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vi. Thamar Cuophorusa. Where Juda is found to have been the author of that crime, which he condemned in Tamar : Tamar excus'd in what she attempted..

vii. The golden Calfe, or The Massacre in Horeb.

viii. The Quails. Num. xi.

ix. The Murmurers.
x. Corah, Dathan, &c.
xi. Moabitides. Num.

Num. xiv.

Num. xvi, xvii. xxv. [See No. lv.

xii. Achan. Joshue vii and viii. xiii. Josuah in Gibeon. Josh. x. xiv. Gideon Idoloclastes. Judg. vi, vii. xv. Gideon pursuing. Judg. viii. xvi. Abimelech the Usurper. Judg. ix. xvii. SAMSON MARRIING, or in Ramach Lechi. Judg. xv.

xviii. SAMSON PURSOPHORUS, or Hybristes, or Dagonalia. Judg. xvi.

xix. Comazontes, or The Benjaminites, or The Rioters. Judg. xix, xx, xxi.

xx. Theristria, a Pastoral, out of Ruth. xxi. Eliade, Hophni and Phinehas. I Sam. i, ii, iii, iv. Beginning with the first overthrow of Israel by the Philistines; interlac't with Samuel's vision concerning Elie's family.

xxii. Jonathan rescued. I Sam. xiv. xxiii. Doeg slandering. I Sam. xxii.

xxiv. The sheep-shearers in Carmel, a Pastoral.

I Sam. xxv.

xv. Saul in Gilboa. I Sam. xxviii, xxxi. xxvi. David revolted. I Sam, from the xxvii chap. to the xxxi. xxvii. David adulterous. II Sam. c. xi, xii. xxviii. Tamar. II Sam. xiii.

xxix. Achitophel. II Sam. xv, xvi, xvii, xviii. xxx. Adoniah. I Reg. ii.

xxxi. Solomon Gynecocratumenus, or Idolomargus, aut Thysiazusæ. I Reg. xi. xxxii. Rehoboam. I Reg. xii. Wher is disputed of a politic religion. xxxiii. Abias Thersæus. IReg. xiv. The queen, after much dispute, as the last refuge, sent to the profet Ahias of Shilo; receavs the message. The Epitasis, in that shee, hearing the child shall die, as she comes home, refuses to return, thinking thereby to elude the oracle.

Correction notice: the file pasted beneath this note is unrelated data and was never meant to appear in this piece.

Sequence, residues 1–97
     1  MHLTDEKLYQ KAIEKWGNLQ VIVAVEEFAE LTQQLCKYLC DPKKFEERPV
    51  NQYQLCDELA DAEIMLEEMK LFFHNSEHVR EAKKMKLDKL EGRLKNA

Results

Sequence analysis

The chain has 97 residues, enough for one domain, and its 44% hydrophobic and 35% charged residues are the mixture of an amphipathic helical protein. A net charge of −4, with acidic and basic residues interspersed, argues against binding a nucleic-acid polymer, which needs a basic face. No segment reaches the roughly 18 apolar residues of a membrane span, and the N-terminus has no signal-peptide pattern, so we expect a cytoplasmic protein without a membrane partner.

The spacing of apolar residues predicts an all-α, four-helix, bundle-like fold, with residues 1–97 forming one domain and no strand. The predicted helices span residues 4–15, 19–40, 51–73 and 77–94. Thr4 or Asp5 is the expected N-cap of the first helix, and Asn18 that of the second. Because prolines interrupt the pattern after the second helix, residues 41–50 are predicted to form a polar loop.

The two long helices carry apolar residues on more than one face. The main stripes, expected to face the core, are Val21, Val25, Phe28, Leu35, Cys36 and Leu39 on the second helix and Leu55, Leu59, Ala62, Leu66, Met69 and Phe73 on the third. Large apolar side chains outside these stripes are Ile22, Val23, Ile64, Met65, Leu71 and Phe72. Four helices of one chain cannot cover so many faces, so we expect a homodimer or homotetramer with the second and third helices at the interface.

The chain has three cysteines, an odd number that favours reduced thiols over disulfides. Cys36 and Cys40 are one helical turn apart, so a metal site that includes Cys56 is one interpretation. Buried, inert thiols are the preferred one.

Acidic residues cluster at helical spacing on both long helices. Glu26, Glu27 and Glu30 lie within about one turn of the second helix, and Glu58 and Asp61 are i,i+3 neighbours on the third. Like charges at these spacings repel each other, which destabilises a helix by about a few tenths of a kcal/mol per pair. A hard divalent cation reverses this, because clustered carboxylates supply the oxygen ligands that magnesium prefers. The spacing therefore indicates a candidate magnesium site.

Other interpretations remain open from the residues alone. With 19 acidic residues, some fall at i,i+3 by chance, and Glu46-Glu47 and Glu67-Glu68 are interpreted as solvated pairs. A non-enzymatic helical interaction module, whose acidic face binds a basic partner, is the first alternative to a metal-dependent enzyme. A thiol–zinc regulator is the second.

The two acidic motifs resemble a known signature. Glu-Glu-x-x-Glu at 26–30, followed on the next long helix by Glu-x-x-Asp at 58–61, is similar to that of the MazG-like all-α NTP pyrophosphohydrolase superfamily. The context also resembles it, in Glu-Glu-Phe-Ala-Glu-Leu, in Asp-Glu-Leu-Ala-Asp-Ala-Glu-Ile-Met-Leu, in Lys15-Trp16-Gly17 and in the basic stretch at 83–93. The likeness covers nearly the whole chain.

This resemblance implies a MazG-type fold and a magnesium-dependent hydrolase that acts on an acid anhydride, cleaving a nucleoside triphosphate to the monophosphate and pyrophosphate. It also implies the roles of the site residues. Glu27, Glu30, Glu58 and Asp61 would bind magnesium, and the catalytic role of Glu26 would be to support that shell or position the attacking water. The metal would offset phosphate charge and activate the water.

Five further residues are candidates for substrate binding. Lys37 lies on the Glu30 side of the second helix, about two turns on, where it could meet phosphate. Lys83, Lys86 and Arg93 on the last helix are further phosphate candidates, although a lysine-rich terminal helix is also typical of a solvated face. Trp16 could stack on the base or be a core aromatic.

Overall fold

Apocalypse of Saint John is the majestic image of a high and stately tragedy, shutting up and intermingling her solemn scenes and acts with a seven-fold chorus of hallelujahs and harping symphonies," Prose-Works, edit. 1698, vol. i. 61. TODD.

So they are termed in Milton's MS. Those, which relate to Paradise Lost, have been given at TODD. the end of that poem.

The former part is spent in bringing the sick prince forth as it were desirous to shift his chamber and couch, as dying men use; his father telling him what sacrifize he had sent for his health to Bethel and Dan; his fearlessnesse of death, and putting his father in mind to set [send] to Ahiah. The Chorus of the Elders of Israel bemoning his virtues bereft them, and at another time wondring why Jeroboam, being bad himself, should so grieve for his son that was good, &c.

xxxiv. Imbres, or The Showers. I Reg. xviii, xix.

XXXV. Naboth cunvpavréμevoç. I Reg. xxi. xxxvi. Ahab. I Reg. xxii. Beginning at the synod of fals profets: ending with relation of Ahab's death: his bodie brought. Zedechiah slain by Ahab's friends for his seducing. (See Lavater, II Chron. xviii.)

xxxvii. Elias in the mount. II Reg. i. 'Opußárng. Or, better, Elias Polemistes.

xxxviii. Elisaus Hudrochóos. II Reg. iii. Hudrophantes. Aquator.

xxxix. Elisæus Adorodocétas.

xl.. Elisaus Minutes, sive in Dothaimis. II Reg. vi.

xli. Samaria Liberata. II Reg. vii. xlii. Achabæi Cunoboromeni. II Reg. ix.

The Scene, Jesrael. Beginning, from the watchman's discovery of Jehu, till he go out. In the mean while, message of things passing brought to Jesebel, &c. Lastly, the 70 heads of Ahab's sons brought in, and message brought of Ahaziah's brethren slain on the way. Chap. x.

xliii. Jehu Belicola. II Reg. x. xliv. Athaliah. II Reg. xi.

xlv. Amaziah Doryalotus. II Reg. xiv. II Chron. xxv.

xlvi. Hezechias moλignéμscoç. II Reg. xviii, xix. Hesechia beseiged. The wicked hypocrisy of Shebna, (spoken of in the xi. or thereabout of Isaiah,) and the commendation of Eliakim, will afford a póguas λóy,together with a faction that sought help from Egypt.

xlvii. Josiah Asalomenos. II Reg. xxiii. xlviii. Zedechia VEOTEREV. II Reg. But the story is larger in Jeremiah.

xlix. Salymay Halosis. Which may begin from a message brought to the city, of the judgement upon Zedechiah and his children in Ribla: and so seconded with the burning and destruction of city and temple by Nebuzaradan; lamented by Jeremiah.

1. Asa, or Ethiopes. II Chron. xiv. with the deposing his mother, and burning her idol.

li. The three children. Dan. iii.

lii. Abram from Morea, or Isaac redeemThe The oiconomie may be thus. fift or sixt day after Abraham's depar ture. Eleazar (Abram's steward) first alone, and then with the Chorus, dis